Above is the top of the front page of the Philadelphia North American for Tuesday, October 23rd, 1906. The article, "3000 Negroes Start Riot Trying to Stop Objectionable Play" - the report on the disturbance at the Walnut Street Theatre the previous day - is in the center of the image.
According to the editors of the The North American, the 'riot' at the Walnut was not the top story of the day! They were very concerned about a recent statement by a member of "The Gang" - the usual crooks and bosses who were running Philadelphia City Hall at the time - that all the recent agitation for civic reform should end. The paper indignantly played up the quote on its front page every day that week.
We chose this image because it typified the sort of sensationalist journalism that typified the local newspapers in that era. The North American was first published in 1839 as a Whig Party newspaper. It soon absorbed several other older Philly newspapers, including the Daily Advertiser, and for a long period was known as The North American and United States Gazette, and was published by Morton McMichael (who became Mayor of Philadelphia in the late 1860s.)
In 1899 it was bough up by Thomas Wanamaker, son of John Wanamaker, and became a crusading publication during what is usually termed "The Progressive Era" of American politics. It always supported liberal and reform-minded Republicans like President Teddy Roosevelt, and campaigned against graft and corruption in city government.
But in 1925, that era was over and Thomas Wanamaker had died. Cyrus Curtis, the publisher of the Public Ledger, bought it up in order to shut down one of his chief competitors. The Ledger itself shut down in 1942, after selling off its morning and Sunday editions to the Inquirer.
Below is the advertisement for The Clansman that appeared in the Philadelphia Inquirer, the North American, the Evening Bulletin, the Public Ledger, and other Philadelphia newspapers.
Sharp-eyed readers will of course note that the bottom of the ad states that the show was "The Big Hit of Last Season." Wait . . had The Clansman already been produced in Philadelphia before the show that caused all the ruckus? Well yes it had! We will address this part of the story in a future episode.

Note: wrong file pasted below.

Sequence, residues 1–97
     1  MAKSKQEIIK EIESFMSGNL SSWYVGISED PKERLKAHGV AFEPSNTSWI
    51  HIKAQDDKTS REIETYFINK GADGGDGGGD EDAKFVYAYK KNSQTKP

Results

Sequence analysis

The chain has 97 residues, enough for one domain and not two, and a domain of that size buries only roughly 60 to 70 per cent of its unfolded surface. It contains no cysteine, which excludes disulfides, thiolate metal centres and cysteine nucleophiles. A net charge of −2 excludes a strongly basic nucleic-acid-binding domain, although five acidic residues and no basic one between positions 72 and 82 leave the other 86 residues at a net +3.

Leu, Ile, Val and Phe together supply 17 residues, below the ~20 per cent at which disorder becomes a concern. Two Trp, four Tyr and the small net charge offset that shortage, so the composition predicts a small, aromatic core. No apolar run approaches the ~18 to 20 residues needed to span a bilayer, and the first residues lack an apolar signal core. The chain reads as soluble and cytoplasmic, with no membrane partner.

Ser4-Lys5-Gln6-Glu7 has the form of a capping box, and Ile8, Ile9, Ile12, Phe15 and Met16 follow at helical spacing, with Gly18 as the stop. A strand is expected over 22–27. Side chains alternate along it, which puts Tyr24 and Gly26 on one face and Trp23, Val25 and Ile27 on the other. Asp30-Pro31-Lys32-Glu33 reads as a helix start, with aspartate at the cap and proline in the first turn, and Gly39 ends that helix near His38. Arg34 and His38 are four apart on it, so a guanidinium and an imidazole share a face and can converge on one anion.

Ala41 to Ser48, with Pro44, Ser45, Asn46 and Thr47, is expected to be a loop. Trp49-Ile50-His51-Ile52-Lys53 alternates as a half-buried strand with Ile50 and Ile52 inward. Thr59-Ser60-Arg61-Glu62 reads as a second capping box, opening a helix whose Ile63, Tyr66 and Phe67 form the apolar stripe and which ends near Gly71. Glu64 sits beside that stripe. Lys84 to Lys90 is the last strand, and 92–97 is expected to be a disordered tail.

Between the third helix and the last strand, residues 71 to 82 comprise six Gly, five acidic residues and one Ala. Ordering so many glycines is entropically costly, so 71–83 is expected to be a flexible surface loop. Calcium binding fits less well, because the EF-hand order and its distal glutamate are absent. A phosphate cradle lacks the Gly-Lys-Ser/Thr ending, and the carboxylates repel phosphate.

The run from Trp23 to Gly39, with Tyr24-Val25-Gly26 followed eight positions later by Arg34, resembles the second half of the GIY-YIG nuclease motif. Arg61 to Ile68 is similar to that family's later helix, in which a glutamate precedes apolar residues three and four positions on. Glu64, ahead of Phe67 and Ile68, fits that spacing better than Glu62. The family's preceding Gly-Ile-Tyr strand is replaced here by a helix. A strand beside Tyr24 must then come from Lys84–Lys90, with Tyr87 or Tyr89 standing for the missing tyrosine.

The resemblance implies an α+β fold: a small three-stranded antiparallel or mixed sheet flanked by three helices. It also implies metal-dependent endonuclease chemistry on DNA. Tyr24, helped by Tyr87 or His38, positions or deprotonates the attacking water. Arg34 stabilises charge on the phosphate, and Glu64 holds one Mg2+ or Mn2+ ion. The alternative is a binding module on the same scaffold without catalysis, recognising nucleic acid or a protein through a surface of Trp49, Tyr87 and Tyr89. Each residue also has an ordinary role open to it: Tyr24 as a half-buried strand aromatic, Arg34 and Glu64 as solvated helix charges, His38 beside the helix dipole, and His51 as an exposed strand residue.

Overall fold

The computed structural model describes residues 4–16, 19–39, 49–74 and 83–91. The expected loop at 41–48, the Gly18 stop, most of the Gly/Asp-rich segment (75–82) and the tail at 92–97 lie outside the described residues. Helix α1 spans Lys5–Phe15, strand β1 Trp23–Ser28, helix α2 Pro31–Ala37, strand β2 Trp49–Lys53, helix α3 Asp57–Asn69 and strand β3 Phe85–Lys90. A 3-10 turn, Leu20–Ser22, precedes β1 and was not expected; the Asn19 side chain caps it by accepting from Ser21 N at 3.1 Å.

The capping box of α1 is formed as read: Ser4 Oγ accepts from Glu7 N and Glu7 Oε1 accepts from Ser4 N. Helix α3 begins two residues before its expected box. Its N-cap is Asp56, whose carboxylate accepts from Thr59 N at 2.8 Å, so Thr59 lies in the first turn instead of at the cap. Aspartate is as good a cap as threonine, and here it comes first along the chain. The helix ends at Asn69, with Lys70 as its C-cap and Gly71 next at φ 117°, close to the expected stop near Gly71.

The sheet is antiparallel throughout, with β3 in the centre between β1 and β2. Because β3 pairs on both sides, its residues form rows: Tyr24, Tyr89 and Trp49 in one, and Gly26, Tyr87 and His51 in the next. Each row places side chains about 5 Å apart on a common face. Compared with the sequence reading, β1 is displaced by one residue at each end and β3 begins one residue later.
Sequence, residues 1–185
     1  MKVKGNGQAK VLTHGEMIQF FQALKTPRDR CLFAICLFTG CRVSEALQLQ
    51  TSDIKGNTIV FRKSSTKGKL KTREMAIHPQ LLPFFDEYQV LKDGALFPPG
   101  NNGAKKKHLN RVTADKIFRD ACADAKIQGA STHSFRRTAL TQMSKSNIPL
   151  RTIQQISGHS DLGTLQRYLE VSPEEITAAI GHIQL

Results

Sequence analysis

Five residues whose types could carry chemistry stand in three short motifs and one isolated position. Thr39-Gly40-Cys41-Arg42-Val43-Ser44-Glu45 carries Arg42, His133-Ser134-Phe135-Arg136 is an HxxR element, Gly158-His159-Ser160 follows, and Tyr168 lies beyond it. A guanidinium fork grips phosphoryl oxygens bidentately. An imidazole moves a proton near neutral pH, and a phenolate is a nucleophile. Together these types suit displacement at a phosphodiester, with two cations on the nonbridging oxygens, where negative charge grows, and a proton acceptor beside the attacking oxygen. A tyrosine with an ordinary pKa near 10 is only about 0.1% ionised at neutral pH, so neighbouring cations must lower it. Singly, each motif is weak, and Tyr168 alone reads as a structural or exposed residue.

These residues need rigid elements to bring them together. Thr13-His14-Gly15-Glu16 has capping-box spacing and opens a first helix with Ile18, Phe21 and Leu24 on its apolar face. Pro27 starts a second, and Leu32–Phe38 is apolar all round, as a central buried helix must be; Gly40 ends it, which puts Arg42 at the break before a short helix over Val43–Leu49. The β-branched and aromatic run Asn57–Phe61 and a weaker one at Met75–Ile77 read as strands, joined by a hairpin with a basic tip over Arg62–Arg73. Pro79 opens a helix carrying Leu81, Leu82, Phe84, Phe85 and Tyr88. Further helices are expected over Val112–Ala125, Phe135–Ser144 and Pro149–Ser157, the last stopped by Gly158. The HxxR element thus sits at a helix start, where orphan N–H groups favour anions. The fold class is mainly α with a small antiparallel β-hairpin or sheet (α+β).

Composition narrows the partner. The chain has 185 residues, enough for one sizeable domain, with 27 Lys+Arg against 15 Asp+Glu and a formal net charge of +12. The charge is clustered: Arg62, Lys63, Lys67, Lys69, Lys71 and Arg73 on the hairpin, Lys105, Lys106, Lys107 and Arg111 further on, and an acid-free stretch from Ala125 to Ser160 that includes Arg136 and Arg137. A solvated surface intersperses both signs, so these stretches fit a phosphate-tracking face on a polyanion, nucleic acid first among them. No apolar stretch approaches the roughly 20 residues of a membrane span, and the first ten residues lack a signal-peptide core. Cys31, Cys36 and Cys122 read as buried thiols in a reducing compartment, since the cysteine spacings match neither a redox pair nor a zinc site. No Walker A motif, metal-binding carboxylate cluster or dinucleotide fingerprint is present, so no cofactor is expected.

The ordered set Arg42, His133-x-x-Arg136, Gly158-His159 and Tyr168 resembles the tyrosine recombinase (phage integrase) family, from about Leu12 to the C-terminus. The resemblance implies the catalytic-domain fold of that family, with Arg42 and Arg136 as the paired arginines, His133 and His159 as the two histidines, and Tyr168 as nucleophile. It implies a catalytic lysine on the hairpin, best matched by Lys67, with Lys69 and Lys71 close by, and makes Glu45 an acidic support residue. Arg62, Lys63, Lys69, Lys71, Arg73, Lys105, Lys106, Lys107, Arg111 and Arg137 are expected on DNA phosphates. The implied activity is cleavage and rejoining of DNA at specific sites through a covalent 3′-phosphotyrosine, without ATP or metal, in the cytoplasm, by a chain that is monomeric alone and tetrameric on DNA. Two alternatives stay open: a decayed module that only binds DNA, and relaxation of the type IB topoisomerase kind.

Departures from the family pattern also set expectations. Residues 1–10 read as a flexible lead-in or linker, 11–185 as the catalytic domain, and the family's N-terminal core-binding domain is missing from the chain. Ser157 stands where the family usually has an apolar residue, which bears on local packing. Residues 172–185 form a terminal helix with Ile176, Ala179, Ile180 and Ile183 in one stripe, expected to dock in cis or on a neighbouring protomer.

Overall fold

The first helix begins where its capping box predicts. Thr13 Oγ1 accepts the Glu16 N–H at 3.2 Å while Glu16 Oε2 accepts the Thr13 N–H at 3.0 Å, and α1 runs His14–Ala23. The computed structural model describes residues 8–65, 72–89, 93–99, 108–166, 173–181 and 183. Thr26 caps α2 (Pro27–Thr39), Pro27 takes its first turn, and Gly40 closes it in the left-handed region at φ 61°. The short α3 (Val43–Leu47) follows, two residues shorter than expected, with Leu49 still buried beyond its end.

Here is a photo of the Walnut Street Theatre, at the intersection of 9th and Walnut Streets in Philadelphia, c. 1900. This is substantially how it would have appeared on October 22, 1906, the day of the demonstration. As we learn in the episode, it likely was substantially less than 3000 people demonstrating in front of the theater that evening. Other stories said 2000, one said it might have been as little as 300. As we are reminded here, Walnut Street is not particularly wide here in the older part of Philadelphia, so it would not have taken too much of a crowd to present quite a notable presence.
Quite few photographs of the original production of The Clansman survive, and many were printed in the journal Nineteenth Century Theatre and Film in 2007. I hesitate to share most of them, as they are full of alarming white supremacist imagery. But here is a photo of the end of Act One, Scene one. You can see the crowds of 'negro' voters (white actors in blackface) and the character of young Ben Cameron, a white veteran of the Confederate Army, throwing a torn poster in the face of "Lynch", the ironically named bi-racial character.
Abernethy, Lloyd M., "Progressivism: 1905-1919" in Philadelphia: A 300-Year History, Russel F. Weigley, ed., W.W. Norton & Company, 1982, pp. 524-565.
Dixon, Thomas, The Clansman: An Historical Romance of the Ku Klux Klan, edited and abridged, with an Introduction by Cary D. Wintz, Taylor & Francis, 2001 (accessed via e-book published by Routledge, 2015).
Dixon, Thomas, Jr. , "Documents of Performance - 1, The Clansman: An American Drama," Nineteenth Century Theatre and Film; London Vol. 34, Iss. 2, (Dec 2007): 60-138. (This is the reproduction of the original text of the play.)
Dixon, Thomas, Jr. , "Documents of Performance - 2, 'Why I wrote The Clansman'," Nineteenth Century Theatre and Film; London Vol. 34, Iss. 2, (Dec 2007): 139-142.
DuBois, W. E. Burghardt, The Philadelphia Negro, A Social Study, University of Pennsylvania, 1899.
Johnson, Stephen, "Re-stirring an Old Pot: Adaptation, Reception and the Search for an Audience in Thomas Dixon's Performance Text(s) of The Clansman," Nineteenth Century Theatre and Film; London Vol. 34, Iss. 2, (Dec 2007): 4-46.